kovalchuk-ilya_306

Ilya Kovalchuk will return to the New Jersey Devils when the NHL season begins in October. ((Bruce Bennett/Getty Images))

Ilya Kovalchuk's contract ordeal is over.

The NHL and NHLPA have reached an agreement to revise the rules that regulate long-term contracts as part of a global settlement on Friday, allowing Kovalchuk's contract with the New Jersey Devils to pass.

Jay Grossman, Kovalchuk's agent, confirmed the news in an e-mail to The Associated Press.

Both parties agreed to extend the 5 p.m. ET deadline in order to complete the formal paperwork, which was finished in the early Saturday morning hours according to a report on NHL.com.

The agreement means Kovalchuk's revised 15-year, $100-million US contract with the New Jersey Devils will be approved by the league.

The agreement comes after more than a month of disputes between all parties. Kovalchuk agreed to a monstrous 17-year, $102-million deal with the Devils on July 19.

The NHL quickly moved to reject the contract, claiming it circumvented the league's salary cap. An arbitrator upheld that decision on Aug. 9 after the union filed a grievance on July 26 in response to the league's rejection.

The new deal will put a $6.67-million annual hit on the Devils' salary cap and put the team roughly $3 million over the league limit ($59.4 million) with only 21 players under contract, two under the league limit.

Salary cap concern

With a full roster, Devils president and general manager Lou Lamoriello probably is going to have to clear about $5 million in cap space before the season starts on Oct. 8.

While the annual salary breakdown for the deal was not immediately available, Kovalchuk will earn significantly more money in the final five years.

Arbitrator Richard Bloch had rejected the first contract because Kovalchuk was slated to earn only $550,000 in each of the last five seasons. It would have run through the 2026-27 season, when Kovalchuk will be 44.

The 15-year deal matches the length of one signed by New York Islanders goalie Rick DiPietro.

For the last few years, teams have been locking up players to long-term contracts, which takes them into their 40s.

Displeased with this front-loaded trend, the NHL investigated contracts awarded to Vancouver goalie Roberto Luongo, Blackhawks winger Marian Hossa and Boston centre Marc Savard after it and Bloch rejected Kovalchuk's original deal.

All three of those players' contracts were also approved as part of Friday's agreement between the league and the players' association, as the sides agreed to stop investigating current deals that may circumvent the salary cap.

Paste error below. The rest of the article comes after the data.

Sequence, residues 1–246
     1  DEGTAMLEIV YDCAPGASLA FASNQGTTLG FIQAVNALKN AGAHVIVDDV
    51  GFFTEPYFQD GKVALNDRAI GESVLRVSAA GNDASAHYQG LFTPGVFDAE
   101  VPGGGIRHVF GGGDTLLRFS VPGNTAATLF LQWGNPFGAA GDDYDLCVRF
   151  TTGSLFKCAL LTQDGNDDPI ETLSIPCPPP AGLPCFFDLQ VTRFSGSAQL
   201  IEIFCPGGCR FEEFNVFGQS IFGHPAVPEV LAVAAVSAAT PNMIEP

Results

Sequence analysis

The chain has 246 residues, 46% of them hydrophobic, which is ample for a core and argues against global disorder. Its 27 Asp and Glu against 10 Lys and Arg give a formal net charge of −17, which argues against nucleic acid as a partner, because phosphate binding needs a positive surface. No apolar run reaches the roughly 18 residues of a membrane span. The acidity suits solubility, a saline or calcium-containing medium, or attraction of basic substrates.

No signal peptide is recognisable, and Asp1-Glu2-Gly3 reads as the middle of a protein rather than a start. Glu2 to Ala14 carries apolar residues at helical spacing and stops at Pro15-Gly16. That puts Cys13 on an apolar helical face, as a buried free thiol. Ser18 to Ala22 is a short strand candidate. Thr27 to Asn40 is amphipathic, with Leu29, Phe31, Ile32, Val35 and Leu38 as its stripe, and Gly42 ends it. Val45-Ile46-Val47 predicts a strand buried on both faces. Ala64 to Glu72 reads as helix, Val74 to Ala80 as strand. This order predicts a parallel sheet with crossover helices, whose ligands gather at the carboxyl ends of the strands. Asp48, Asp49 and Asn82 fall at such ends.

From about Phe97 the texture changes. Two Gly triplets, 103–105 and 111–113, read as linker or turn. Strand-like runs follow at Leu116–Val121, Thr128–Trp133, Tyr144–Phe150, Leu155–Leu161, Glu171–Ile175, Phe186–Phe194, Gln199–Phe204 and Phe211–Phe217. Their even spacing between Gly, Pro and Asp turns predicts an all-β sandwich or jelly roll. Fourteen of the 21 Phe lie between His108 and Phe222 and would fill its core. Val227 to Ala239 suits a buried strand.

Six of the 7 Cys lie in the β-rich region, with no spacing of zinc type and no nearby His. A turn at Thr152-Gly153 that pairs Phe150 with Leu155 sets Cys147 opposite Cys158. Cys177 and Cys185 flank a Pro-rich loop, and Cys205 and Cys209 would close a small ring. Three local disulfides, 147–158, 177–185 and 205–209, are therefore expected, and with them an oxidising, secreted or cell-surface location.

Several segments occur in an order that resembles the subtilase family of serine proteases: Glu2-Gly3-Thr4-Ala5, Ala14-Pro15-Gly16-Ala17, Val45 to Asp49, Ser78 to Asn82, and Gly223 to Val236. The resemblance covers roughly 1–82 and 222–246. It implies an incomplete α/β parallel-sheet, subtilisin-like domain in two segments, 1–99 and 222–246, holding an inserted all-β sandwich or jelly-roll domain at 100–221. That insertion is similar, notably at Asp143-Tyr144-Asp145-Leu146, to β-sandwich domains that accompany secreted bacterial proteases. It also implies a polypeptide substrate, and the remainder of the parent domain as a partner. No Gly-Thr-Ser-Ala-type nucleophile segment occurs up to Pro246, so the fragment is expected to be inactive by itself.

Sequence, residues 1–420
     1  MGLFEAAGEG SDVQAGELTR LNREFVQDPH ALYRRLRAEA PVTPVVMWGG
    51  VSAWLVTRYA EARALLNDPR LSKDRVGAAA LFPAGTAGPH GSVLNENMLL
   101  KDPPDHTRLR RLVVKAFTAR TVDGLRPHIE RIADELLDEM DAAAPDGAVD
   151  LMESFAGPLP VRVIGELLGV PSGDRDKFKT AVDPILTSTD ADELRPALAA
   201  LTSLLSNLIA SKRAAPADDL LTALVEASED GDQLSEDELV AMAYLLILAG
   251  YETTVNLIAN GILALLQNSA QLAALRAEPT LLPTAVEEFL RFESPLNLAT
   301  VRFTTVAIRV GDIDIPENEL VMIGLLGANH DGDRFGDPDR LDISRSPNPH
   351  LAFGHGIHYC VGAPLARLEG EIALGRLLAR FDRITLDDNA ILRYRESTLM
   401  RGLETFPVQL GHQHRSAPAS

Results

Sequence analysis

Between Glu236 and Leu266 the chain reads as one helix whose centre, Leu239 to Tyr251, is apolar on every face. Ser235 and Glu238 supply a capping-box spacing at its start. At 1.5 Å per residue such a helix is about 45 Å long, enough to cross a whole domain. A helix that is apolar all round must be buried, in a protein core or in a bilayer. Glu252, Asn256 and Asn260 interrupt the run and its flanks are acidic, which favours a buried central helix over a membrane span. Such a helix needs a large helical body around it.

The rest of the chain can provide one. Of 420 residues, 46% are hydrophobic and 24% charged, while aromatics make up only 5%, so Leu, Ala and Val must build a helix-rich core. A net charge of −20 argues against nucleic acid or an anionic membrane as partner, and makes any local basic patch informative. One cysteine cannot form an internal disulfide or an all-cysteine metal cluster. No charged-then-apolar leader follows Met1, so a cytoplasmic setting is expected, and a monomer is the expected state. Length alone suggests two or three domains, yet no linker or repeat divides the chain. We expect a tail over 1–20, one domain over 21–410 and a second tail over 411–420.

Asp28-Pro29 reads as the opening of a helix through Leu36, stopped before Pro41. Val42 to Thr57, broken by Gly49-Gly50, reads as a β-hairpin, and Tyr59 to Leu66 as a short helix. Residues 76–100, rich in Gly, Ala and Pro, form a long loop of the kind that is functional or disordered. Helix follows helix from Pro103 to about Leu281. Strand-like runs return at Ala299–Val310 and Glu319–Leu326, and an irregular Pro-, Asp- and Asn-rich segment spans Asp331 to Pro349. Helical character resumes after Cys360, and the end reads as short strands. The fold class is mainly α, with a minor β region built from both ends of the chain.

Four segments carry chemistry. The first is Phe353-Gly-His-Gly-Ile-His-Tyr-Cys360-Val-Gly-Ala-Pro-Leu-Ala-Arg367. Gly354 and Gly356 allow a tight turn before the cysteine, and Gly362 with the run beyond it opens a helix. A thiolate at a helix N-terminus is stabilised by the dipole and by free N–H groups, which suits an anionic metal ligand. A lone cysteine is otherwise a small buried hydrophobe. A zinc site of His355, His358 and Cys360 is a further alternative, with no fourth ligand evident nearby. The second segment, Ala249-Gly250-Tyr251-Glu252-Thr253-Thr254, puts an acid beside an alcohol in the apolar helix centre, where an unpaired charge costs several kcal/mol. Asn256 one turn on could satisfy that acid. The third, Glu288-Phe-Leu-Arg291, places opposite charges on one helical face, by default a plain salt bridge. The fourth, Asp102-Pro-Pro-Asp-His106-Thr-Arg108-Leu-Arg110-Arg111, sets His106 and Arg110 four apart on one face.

The league and players' association also agreed to adopt regulations governing contracts lasting more than five years, which will supplement the current collective bargaining agreement and will be imposed on any contract signed from Saturday onward.

"We're pleased to be able to establish bright line rules for these contracts going forward and are happy we can turn the page on existing contracts so we're looking forward, not backward," NHL deputy commissioner Bill Daly told NHL.com. "From start to finish of the process the Players' Association was responsive, interested and shared our objective to create certainty in this area."

Should he play for the next 15 years, Kovalchuk, 27, will finish up his career in 2025, when he turns 42.

End of long-term deals?

After Kovalchuk, the new settlement should put an end to similar long-term contracts.

Had the NHL rejected Kovalchuk a second time, the league could have found itself in a precarious situation.

SKA St. Petersburg of Russia's Continental Hockey League (KHL) had offered Kovalchuk a huge deal to return to Russia, according to reports.

Kovalchuk's Russian agent, Yuri Nikolaev, told a Russian told newspaper that if his client signed with the KHL, he would stay in his homeland for at least one season.

Kovalchuk, who scored a combined 41 goals and 44 assists last season with the Devils and Thrashers, was the most coveted free agent this off-season.

He turned down a pair of offers from Atlanta — a seven-year deal worth $70 million and a $101-million pact over 12 seasons — before the team finally traded him to New Jersey in February.

As a free agent, Kovalchuk was the target of several teams.

The Los Angeles Kings attempted contract talks with Kovalchuk on three separate occasions, but wouldn't meet the forward's financial demands in the end.

Kovalchuk was supposed to be the last link in New Jersey's push for a fourth Stanley Cup title since 1995. However, he could not prevent the team from being eliminated in the first round of the playoffs by Philadelphia.